Think about that, too: Any time the movies make a left turn, SHIELD follows, but lingers on the subject to further explore the implications in the greater MCU. When Cap gave his orders and took on Hydra, SHIELD took up the reigns and explored what that meant for the rest of the world beyond the Triskelion. When Guardians introduced us to all those awesome alien races, SHIELD took the time to explore the Kree and their history with Earth. The Dark World gave us Sif and Asgard’s unnatural love for Midgard. There were originally plans for an Inhumans movie about the royal family, and Daisy and her family and Squid Ward were used as a primer to get people ready for that type of movie. Then Dr. Strange came along and introduced us to magic in the MCU, and last season SHIELD showed us what that meant for everything beyond the Sanctum Santorum.

Now here we are, in a future where Earth is destroyed and the team has to fight to survive. This is our primer for the type of universe Thanos intends to rule.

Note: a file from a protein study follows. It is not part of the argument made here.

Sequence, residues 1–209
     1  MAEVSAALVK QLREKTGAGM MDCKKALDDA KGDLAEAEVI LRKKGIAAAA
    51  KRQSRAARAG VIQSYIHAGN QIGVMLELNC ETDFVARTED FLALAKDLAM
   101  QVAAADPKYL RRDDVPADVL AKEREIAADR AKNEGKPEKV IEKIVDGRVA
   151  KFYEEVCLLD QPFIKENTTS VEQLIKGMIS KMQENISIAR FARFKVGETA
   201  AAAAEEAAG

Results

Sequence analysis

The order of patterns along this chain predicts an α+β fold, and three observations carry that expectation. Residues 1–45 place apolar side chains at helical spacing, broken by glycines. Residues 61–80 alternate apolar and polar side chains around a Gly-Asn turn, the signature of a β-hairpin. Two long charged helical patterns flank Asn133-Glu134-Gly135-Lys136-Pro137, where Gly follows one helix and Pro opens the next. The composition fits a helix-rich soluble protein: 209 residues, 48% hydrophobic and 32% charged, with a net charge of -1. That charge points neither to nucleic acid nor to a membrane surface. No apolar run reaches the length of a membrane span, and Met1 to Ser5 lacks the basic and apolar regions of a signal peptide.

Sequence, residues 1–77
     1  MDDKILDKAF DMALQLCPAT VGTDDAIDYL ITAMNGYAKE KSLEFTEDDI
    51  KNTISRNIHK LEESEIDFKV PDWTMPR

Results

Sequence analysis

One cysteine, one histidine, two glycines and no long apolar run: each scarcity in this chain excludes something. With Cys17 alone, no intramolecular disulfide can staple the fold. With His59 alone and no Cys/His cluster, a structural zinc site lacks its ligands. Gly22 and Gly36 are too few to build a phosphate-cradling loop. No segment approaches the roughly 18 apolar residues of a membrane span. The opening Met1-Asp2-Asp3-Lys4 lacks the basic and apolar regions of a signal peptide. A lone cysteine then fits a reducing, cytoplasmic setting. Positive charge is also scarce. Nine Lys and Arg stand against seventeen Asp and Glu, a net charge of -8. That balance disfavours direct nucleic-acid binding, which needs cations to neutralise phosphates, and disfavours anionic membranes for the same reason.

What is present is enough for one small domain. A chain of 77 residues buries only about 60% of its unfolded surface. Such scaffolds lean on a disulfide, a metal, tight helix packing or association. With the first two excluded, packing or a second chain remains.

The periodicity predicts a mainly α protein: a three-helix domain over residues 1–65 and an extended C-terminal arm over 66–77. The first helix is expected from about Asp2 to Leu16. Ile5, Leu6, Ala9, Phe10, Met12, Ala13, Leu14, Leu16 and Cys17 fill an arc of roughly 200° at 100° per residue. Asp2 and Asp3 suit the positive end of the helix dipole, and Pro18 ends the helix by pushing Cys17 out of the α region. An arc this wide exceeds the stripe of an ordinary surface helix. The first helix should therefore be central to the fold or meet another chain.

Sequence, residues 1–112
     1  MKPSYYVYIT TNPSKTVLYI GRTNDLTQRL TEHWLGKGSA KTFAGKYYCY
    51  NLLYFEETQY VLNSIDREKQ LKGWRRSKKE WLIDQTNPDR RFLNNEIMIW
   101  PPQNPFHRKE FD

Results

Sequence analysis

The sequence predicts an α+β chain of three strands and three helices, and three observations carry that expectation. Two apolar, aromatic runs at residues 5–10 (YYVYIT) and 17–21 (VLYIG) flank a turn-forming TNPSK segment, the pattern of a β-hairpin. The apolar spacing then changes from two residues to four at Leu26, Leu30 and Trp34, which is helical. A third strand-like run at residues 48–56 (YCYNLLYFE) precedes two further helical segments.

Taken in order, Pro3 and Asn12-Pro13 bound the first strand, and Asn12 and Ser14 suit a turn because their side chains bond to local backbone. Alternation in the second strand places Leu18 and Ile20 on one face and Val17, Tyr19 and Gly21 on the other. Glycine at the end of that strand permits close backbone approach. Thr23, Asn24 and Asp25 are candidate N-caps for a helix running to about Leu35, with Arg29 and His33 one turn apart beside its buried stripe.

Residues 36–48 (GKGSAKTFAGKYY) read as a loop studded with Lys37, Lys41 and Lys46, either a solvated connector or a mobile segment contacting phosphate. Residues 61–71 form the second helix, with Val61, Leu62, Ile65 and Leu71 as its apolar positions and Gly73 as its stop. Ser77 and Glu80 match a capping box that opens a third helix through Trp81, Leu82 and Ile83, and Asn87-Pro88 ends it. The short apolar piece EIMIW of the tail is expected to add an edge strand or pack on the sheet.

1. I appreciate many things about this show, but want to give special mention to two in particular: Their ability to sneak a Ward into every season to date, and an inability to not show some type of bus. One of the lesser acknowledged members of this team is the Bus, their means of travel in the earlier, more grounded seasons. However, even when the Bus isn’t around, they still manage to fit a bus in to remind us. Props.

2. After watching the last two episodes, I am made of questions. What are those blue roaches? Virgil called them “Vrellnexians,” but I have no clue what that means. Are they the MCU version of the Brood? They’re blue like the Kree, but eat them just the same, so I don’t think they’re something the Kree like, either. What’s with the whiteface Kree? Are they a noble elite class? I would say politicians, but the Kree in Guardians that Nova Prime spoke to didn’t have any such paint or pigmentation. Religious figures? Ronan was a religious fanatic, but he bathed in something with a litte more Red 5. Who is the Alien rocking Talking Heads as he goes about his day? Is he a Kree, but if so that opens so many other questions. What were those drawings on the fridge? Were they his, or did a smaller, Edgar-suit wearing kid of his draw those? What do they mean? Who were those guests at the end of the episode? I didn’t recognize those ships!